LONDON (Reuters) - Britain’s privacy watchdog has rejected calls to shut down Google’s “Street View” service after complaints it was intrusive.
Google launched Street View UK in March, allowing users to navigate around a 360-degree view of streets in 25 cities, including buildings, traffic and people, using pictures taken by Google’s camera vehicles.
It promised to obscure images of pedestrians or car licence plates but some slipped through.
Web users found a number of embarrassing images including a man walking out of a sex shop and another being sick outside a pub.
Newspapers reported a woman had filed for divorce after her husband’s car appeared on Street View parked outside another woman’s house, while residents of one affluent village tried to block the cameras, claiming the service would allow would-be burglars to peruse their houses at leisure.
Campaign group Privacy International complained to the Information Commissioner’s Office (ICO).
However the ICO ruled common sense had to prevail and that removing the entire service would be “disproportionate to the relatively small risk of privacy detriment.”
David Evans, Senior Data Protection Practice Manager at the ICO, said Google had to ensure that it responded to any requests for images to be deleted or blurred.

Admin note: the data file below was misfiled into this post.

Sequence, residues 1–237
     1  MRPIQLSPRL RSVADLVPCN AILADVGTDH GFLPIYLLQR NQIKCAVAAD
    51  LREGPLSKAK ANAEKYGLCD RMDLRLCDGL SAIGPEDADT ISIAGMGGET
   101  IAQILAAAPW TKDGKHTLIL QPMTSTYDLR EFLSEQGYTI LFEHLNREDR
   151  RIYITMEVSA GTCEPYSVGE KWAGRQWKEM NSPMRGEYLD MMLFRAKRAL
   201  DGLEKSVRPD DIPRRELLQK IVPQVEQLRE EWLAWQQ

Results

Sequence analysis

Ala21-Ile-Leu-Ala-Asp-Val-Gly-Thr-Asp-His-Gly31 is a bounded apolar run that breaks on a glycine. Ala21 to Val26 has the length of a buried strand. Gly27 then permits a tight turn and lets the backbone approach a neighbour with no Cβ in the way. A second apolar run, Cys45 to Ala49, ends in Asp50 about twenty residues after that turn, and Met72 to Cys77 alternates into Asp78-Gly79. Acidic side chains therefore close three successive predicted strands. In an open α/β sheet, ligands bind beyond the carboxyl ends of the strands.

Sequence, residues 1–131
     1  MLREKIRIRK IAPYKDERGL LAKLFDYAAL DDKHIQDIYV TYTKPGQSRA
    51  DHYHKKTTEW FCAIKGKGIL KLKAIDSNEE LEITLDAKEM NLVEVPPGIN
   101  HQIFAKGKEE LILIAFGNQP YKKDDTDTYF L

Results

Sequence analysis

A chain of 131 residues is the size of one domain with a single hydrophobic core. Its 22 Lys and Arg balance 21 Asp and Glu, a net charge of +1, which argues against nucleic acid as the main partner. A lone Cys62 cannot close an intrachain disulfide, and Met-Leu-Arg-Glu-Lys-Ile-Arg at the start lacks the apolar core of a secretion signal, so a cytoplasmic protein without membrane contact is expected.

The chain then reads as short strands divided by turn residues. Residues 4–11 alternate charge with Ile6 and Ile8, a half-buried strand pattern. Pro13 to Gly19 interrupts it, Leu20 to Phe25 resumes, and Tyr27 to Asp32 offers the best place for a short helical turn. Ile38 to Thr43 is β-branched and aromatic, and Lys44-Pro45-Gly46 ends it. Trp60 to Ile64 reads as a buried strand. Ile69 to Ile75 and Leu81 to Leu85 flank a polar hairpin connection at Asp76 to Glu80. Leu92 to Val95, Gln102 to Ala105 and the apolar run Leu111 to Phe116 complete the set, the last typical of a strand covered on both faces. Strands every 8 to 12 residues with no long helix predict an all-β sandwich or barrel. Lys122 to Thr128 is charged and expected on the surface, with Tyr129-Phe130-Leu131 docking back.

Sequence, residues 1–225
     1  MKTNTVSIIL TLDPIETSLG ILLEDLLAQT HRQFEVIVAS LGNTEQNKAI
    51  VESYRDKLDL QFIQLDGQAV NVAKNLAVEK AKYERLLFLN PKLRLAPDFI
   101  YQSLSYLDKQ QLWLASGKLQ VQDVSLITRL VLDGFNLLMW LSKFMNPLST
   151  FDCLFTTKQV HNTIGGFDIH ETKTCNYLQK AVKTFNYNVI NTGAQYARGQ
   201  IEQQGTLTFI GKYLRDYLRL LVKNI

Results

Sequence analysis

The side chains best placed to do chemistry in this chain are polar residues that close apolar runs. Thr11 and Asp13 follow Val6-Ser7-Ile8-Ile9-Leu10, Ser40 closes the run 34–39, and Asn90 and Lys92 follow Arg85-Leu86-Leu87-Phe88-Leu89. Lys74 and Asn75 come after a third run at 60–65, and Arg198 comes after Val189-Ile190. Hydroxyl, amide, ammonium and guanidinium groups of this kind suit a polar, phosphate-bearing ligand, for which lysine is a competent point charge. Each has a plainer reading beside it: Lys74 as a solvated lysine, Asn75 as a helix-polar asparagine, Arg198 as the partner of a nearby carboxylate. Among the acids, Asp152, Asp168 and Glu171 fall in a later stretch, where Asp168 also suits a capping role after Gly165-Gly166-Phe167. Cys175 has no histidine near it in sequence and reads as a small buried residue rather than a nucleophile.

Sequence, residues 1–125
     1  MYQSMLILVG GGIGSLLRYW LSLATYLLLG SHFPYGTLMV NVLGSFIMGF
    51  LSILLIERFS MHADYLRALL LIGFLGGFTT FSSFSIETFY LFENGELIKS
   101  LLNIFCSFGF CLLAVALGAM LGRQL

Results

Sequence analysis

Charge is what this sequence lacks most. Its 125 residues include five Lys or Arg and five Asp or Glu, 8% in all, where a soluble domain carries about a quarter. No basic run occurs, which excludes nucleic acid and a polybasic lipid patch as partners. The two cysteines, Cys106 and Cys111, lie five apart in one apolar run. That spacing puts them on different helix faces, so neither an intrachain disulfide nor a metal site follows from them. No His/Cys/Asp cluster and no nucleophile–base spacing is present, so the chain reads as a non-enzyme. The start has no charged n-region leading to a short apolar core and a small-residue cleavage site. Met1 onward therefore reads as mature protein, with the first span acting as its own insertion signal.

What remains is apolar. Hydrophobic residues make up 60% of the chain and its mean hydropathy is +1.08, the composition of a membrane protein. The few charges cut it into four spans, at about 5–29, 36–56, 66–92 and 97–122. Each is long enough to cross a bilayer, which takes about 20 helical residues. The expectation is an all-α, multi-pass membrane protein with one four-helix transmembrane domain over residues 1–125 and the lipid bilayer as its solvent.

“Google Street View does not contravene the Data Protection Act and, in any case, it is not in the public interest to turn the digital clock back,” Evans said in a statement.
“In a world where many people tweet, Facebook and blog it is important to take a common sense approach towards Street View and the relatively limited privacy intrusion it may cause.”
He said there was no law to stop anyone taking pictures of people in the street, providing they were not harassing them, while members of the public appeared every day on TV reports.
“Some football fans’ faces will be captured on Match of the Day and local news programmes this weekend -- without their consent, but perfectly legally,” he said.
Google has promised to address people’s privacy concerns and said if they complained, the image would be removed or blacked out in “almost all cases.”
The 360-degree street-level view gives Web users the experience of walking down the road and being able to look around from side to side to see the cityscape in any particular direction.
Since its original introduction in 2007 in San Francisco, Google has introduced the Street Views features as part of its Google Maps service for 100 cities in nine countries.
Reporting by Michael Holden; Editing by Steve Addison